What it's about
(Flying) Dutchman is a short and intense performance that attempts to highlight racial and sexual issues/insecurities in the world around us.
I was the only person sitting in the audience for the better part of 20 minutes. I started to worry that no one was coming and that I would be the entire audience – but luckily, right before the show began, a wave of young people poured into the small space. I thought it was cool that the bulk of the audience looked to be college-age or a little older. The vibe was definitely way different than a Broadway show – much more chatty, and less formal. Because the theater was dark, small, cramped, and a little stuffy, I felt the space was almost fated to lead to a night of discomfort.
I came into this show with zero expectations. It was based off an Amiri Bakara text (which I hadn’t read). Right from the beginning, I was overwhelmed. I am a fairly low-key person – I usually avoid loud and over-stimulating shows. But WOW, this one hit me in the face from the start.
I was in awe. I was creeped out. I was cringing. You name it, I felt it.
I soon felt that the performers’ lines were being directed not just at each other, but at me and at the rest of the audience. It was weird because at times, I felt like I was in the play with them as some sort of passive observer. Other times, I would snap out of that trance when one of them would do something unexpected. I definitely didn’t anticipate such a charged and electric atmosphere. I only wish I had really understood what the heck was going on. Maybe next time I ought to do a little more research and figure out what the source material was all about…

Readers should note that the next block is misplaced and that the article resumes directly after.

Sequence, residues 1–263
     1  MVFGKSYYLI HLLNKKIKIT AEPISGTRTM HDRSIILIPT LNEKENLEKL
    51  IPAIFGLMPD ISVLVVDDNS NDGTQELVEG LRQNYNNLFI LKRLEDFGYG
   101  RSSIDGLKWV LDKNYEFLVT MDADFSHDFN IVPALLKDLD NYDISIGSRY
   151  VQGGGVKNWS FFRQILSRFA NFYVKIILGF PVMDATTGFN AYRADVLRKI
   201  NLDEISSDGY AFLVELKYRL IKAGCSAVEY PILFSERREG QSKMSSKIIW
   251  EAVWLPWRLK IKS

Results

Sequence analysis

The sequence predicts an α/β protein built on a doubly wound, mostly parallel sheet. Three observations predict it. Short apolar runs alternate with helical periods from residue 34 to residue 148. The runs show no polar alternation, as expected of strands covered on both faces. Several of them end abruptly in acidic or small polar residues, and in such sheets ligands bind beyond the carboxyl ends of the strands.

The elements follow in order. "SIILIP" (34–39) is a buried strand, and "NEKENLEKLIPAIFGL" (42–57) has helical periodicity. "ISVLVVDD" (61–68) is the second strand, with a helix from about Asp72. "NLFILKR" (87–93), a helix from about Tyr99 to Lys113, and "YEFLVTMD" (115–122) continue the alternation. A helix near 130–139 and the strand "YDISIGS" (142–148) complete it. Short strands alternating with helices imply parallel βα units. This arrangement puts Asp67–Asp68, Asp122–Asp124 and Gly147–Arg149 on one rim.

The entire performance was just really confusing. I felt like I was being pulled in 1,000 different directions by the themes and characters in this show. I could not grab onto any kind of storyline and I could not sympathize or truly understand any of the characters. Everything moved so quickly and the topics shifted on a dime – I was not up to the task of keeping track of it all!
People were slamming tables, throwing apples, and yelling in my (and other audience members') faces - probably not for the faint of heart! Let me put it this way – I definitely wouldn’t bring a first-time theatergoer or a tourist to this show. They may never come back.
The word for this play is abrupt. No matter what part of the show, I was on the edge of my seat and on the tip of my toes. It started abruptly, it progressed in an abrupt way, and it ended even more abruptly than it began. If you’re going to come to this play, I have just two words of advice